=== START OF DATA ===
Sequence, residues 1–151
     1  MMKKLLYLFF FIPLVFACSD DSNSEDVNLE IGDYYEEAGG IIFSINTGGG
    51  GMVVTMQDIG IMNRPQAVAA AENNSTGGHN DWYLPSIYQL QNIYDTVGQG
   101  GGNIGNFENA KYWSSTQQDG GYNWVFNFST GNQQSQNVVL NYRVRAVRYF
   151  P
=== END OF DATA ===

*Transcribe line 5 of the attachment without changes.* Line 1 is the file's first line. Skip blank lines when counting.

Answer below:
   151  P